The concluding remarks of the Tractatus are by far the most controversial. How are we to understand the Tractatus in light of Wittgenstein's claim that what he has said is nonsense? In his introduction, Russell voices the understandable sentiment that "after all, Mr. Wittgenstein manages to say a good deal about what cannot be said, thus suggesting to the sceptical reader that possibly there may be some loophole" (xxi).
The traditional interpretation, perhaps best represented by P. M. S. Hacker, takes Wittgenstein to be pointing out that the kinds of subject matter he treats of lies outside the realm of sensible discourse. Propositions such as "the world is all that is the case" or "the world is the totality of facts, not of things" are nonsense, because they say things about the world as a whole when all we can talk about are itemized facts within the world. The Tractatus treats of things that cannot be said, but can only be shown.
Wittgenstein says explicitly what can only be shown so that we can understand this distinction between saying and showing and will no longer be tempted by metaphysics. The Tractatus is meant to purge philosophy of nonsense talk so that, after we have read it, we can approach philosophy with a recognition that there are certain, unutterable, fundamental truths about the world that can only make themselves manifest.
The rival interpretation, first expressed by Cora Diamond, takes a sterner stance toward what Wittgenstein means when he says that the propositions of the Tractatus are nonsense. If these propositions are nonsense, that doesn't mean that they technically can't be spoken, but they point toward deep, underlying, and unsayable truths about the nature of the universe. If these propositions are nonsense then they are plain nonsense, just as much as "the number two is purple" or "gurgle cluck ping" are nonsense. According to Diamond, Wittgenstein is dismissing the metaphysics of the Tractatus as an unsayable truth.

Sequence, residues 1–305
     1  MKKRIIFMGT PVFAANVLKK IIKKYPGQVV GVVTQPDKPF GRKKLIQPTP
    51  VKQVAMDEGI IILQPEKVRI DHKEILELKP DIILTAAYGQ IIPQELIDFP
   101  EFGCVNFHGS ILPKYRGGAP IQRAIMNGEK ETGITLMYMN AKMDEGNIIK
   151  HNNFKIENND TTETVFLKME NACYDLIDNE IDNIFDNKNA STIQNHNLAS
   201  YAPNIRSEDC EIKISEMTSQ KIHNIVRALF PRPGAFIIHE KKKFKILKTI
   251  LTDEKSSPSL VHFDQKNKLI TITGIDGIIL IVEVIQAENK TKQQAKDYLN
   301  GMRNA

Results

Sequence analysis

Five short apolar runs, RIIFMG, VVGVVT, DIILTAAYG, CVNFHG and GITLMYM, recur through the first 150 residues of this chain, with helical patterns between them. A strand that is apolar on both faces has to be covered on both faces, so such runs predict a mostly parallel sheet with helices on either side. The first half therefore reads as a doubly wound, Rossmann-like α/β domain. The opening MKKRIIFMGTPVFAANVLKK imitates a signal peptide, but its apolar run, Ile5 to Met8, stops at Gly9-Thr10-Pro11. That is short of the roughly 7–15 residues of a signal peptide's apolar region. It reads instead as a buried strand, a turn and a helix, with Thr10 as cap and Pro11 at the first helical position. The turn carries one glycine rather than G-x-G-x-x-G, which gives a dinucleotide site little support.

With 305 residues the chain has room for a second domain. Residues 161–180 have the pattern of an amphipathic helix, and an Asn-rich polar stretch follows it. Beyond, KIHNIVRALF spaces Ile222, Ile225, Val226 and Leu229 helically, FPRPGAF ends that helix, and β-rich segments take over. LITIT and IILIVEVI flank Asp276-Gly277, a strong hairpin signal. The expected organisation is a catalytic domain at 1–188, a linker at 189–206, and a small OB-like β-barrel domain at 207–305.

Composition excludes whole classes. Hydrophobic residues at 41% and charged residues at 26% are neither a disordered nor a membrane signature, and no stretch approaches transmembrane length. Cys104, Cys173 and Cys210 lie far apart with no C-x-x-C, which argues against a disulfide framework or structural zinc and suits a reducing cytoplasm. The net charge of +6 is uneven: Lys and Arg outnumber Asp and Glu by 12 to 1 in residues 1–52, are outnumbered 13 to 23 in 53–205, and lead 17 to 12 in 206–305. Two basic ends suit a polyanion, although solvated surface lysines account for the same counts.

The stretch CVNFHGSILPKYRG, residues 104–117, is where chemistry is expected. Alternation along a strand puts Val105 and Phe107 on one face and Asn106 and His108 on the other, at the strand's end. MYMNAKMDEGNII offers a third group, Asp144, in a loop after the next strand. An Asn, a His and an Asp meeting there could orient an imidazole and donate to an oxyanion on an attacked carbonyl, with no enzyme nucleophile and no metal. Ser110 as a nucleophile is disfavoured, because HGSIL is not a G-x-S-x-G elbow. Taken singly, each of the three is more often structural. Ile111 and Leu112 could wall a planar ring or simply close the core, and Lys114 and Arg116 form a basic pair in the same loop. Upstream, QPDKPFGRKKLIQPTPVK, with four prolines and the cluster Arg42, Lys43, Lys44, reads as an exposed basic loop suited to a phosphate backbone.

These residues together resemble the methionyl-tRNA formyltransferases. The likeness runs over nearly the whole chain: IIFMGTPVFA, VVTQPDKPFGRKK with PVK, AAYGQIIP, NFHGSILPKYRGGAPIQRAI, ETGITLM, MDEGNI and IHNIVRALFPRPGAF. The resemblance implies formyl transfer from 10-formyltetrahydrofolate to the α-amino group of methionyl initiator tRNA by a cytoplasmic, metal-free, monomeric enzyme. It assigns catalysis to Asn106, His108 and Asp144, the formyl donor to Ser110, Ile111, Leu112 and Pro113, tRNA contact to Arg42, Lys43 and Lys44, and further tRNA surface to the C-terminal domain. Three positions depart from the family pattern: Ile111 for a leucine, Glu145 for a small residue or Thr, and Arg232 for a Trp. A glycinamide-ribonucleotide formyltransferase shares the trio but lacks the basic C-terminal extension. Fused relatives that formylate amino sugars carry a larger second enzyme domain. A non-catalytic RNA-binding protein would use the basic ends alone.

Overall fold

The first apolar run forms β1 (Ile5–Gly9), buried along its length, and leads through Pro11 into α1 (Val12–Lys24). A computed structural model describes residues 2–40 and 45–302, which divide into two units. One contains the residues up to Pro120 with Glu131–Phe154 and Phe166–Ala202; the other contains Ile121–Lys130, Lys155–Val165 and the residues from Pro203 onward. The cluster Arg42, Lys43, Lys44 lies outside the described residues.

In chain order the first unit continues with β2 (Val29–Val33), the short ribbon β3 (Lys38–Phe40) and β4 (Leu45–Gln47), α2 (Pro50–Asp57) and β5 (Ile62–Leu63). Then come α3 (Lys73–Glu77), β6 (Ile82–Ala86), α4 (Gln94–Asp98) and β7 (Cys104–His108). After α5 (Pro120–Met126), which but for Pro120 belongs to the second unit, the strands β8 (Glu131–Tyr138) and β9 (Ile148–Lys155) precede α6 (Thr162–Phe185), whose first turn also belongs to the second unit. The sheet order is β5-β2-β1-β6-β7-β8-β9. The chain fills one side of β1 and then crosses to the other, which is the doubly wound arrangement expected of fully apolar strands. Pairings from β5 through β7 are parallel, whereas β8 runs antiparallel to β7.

Surely, we can make some sense of the propositions of the Tractatus, so how can we say they are as nonsensical as "gurgle cluck ping"? They are nonsense, Diamond suggests, in that we cannot construct a proposition with a sense of the form "Wittgenstein says that p," where p is one of the propositions in the Tractatus. None of these propositions have a correct logical form, so they cannot be considered a sensible part of rational discourse.
This is not to say that we cannot think we understand them. Diamond emphasizes that, at 6.54, Wittgenstein does not say, "My propositions serve as elucidations in the following way: anyone who understands them eventually recognizes them as nonsensical." Rather, he says, "anyone who understands me." There is nothing in the propositions that can be understood. However, we can try to understand the frame of mind that would be necessary to think that these propositions make sense. According to Diamond, Wittgenstein is asking his readers to appreciate the frame of mind that produces metaphysical claims of the sort that we find in the Tractatus so that they can then appreciate why such claims are nonsensical.
Hacker takes Wittgenstein to believe that objects, states of affairs, and all the rest exist, but that we cannot talk about them. Diamond takes Wittgenstein to be denying that it even makes sense to think of there being objects, states of affairs, and so on. Diamond's radical re-reading suggests that the Wittgenstein of the Tractatus shares with the Wittgenstein of the Philosophical Investigations the feeling that even to entertain metaphysical notions is deeply misguided.
Diamond's interpretation is very bold, and presents us with a far more consistent reading of the closing passages of the Tractatus. However, it does leave many hurdles in interpreting the rest of the book. How can we even make use of Wittgenstein's distinction between sense and nonsense if the propositions in which he lays out this distinction are themselves nonsensical? How are we to understand Wittgenstein's later rejection of logical atomism if that was never a position he held to seriously? Opinion is mixed as to whether the Diamond interpretation adequately answers these questions. The New Wittgenstein contains a number of good essays on the topic, as well as a reply from Hacker.